Khan’s first powerful victories came from the reorganization of his military units, splitting his soldiers into groups of ten. This he stole from neighboring Turkic tribes, and unknowingly converted the Mongols to the decimal system. Soon enough, their expanding empire brought them into contact with another “technology” they’d never experienced before: walled cities. In the Tangut raids, Khan first learned the ins and outs of war against fortified cities and the strategies critical to laying siege, and quickly became an expert. Later, with help from Chinese engineers, he taught his soldiers how to build siege machines that could knock down city walls. In his campaigns against the Jurched, Khan learned the importance of winning hearts and minds. By working with the scholars and royal family of the lands he conquered, Khan was able to hold on to and manage these territories in ways that most empires could not. Afterward, in every country or city he held, Khan would call for the smartest astrologers, scribes, doctors, thinkers, and advisers—anyone who could aid his troops and their efforts. His troops traveled with interrogators and translators for precisely this purpose.~ Shane Parrish from, https://fs.blog/2016/06/ego-is-the-enemy-genghis-khan/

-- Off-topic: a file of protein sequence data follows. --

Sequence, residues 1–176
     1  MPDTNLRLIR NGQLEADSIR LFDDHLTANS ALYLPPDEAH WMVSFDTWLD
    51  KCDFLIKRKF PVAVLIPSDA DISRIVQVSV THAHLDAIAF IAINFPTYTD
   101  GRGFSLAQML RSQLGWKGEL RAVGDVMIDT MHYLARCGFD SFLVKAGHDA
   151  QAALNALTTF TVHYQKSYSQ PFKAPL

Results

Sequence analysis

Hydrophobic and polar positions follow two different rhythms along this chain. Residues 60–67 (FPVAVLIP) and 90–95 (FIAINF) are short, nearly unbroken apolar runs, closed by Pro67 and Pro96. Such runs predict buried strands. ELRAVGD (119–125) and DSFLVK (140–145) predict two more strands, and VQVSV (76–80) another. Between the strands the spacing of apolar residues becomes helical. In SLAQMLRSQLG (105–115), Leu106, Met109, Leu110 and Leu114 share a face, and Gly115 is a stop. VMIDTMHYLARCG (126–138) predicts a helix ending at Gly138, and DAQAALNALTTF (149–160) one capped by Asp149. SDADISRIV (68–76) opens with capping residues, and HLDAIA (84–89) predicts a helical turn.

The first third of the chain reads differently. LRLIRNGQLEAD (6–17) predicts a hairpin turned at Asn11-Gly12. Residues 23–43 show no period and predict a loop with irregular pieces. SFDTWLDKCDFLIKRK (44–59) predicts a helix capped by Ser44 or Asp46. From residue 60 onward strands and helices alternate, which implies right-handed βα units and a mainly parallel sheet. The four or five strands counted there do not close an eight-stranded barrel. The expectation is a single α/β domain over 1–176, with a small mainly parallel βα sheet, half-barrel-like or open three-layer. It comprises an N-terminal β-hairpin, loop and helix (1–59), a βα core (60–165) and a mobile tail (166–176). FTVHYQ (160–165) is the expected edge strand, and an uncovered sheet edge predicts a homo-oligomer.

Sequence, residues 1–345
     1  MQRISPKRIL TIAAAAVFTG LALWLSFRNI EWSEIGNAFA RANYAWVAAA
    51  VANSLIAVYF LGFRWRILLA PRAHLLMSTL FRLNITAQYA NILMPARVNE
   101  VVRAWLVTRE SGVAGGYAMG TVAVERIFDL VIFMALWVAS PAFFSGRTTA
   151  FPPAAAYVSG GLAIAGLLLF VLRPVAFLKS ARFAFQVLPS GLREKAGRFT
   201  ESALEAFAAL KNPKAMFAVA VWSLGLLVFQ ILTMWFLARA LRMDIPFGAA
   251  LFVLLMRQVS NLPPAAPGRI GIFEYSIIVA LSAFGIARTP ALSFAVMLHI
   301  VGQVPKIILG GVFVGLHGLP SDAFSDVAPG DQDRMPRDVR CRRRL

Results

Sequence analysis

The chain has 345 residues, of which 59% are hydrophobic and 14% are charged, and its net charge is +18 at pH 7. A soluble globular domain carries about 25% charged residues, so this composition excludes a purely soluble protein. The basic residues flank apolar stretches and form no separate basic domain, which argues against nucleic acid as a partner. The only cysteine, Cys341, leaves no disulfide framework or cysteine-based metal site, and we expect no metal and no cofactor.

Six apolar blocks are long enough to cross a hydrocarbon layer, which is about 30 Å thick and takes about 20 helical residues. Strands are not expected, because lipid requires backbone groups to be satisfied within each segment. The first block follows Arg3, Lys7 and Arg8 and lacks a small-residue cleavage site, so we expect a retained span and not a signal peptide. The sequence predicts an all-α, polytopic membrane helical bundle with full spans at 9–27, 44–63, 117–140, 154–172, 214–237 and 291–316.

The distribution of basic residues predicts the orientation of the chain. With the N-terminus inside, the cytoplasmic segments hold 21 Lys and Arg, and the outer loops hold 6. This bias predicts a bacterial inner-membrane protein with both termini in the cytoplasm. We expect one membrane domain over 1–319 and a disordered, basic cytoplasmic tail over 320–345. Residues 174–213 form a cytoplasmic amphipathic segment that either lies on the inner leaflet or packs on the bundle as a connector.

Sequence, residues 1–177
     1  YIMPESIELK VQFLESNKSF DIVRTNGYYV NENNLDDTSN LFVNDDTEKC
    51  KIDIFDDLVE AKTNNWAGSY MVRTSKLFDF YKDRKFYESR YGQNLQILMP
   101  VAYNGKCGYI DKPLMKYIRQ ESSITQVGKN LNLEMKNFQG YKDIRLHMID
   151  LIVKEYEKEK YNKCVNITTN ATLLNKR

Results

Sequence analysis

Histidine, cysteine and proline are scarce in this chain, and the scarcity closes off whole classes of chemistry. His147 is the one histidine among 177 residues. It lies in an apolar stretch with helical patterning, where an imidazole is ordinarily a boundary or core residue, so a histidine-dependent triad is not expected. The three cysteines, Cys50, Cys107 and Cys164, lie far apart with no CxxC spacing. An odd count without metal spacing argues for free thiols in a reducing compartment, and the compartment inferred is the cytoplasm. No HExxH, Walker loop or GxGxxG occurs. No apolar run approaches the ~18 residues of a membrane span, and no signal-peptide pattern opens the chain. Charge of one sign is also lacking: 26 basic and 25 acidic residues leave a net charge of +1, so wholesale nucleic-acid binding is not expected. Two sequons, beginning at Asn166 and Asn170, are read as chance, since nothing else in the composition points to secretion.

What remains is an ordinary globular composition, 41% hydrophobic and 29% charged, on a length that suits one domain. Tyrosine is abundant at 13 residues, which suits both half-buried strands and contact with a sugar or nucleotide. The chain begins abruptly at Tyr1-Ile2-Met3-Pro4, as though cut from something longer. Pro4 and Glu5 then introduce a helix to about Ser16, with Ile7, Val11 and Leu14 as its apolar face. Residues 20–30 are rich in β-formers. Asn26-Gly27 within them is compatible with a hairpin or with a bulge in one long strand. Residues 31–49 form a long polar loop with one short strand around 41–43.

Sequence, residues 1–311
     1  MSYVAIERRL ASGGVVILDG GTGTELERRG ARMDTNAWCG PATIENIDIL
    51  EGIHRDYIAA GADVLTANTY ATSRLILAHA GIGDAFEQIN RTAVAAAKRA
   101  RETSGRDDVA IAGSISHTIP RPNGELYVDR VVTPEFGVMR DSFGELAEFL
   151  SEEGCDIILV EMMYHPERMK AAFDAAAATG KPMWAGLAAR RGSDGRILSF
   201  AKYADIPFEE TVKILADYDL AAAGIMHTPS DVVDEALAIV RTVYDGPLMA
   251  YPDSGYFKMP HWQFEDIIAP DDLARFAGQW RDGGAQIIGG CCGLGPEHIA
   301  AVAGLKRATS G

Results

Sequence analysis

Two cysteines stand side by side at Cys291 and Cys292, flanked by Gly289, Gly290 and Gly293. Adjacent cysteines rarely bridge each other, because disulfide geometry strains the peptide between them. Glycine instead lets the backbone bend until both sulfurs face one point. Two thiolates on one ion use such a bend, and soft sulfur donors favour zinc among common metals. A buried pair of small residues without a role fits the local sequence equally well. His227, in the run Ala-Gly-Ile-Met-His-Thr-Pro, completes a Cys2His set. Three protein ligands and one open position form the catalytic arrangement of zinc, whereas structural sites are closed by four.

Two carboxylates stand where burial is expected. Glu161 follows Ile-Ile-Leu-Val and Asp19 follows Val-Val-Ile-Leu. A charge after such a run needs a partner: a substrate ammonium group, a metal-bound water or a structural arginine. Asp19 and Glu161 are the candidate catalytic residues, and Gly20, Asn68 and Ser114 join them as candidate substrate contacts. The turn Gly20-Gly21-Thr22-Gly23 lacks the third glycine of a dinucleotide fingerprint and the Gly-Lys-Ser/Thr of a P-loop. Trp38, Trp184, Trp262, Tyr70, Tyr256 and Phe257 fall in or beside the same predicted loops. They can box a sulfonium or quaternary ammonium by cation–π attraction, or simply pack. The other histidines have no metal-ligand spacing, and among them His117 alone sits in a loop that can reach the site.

My understanding had been that Khan was a slew of things—vicious, ruthless, indefatigable, insatiable—which I’m certain I’d picked up through osmosis from countless small direct portrayals and indirect mentions I encountered randomly. I try not to rely on entertainment to be educating, but I hadn’t looked into this larger-than-life historical figure, and had wound up ill-informed.
This piece from Shane Parrish goes on to talk about humility. I don’t think anyone would have used that word to describe Khan. But it does make sense! What would someone who is humble do? (Click through. Click through!) They’d be continuously learning and always open to new ideas. They’d be searching for people who can teach them things. Sure, Khan went a step or three further to burn, pillage, etc. But he also did that continuous-improvement thing.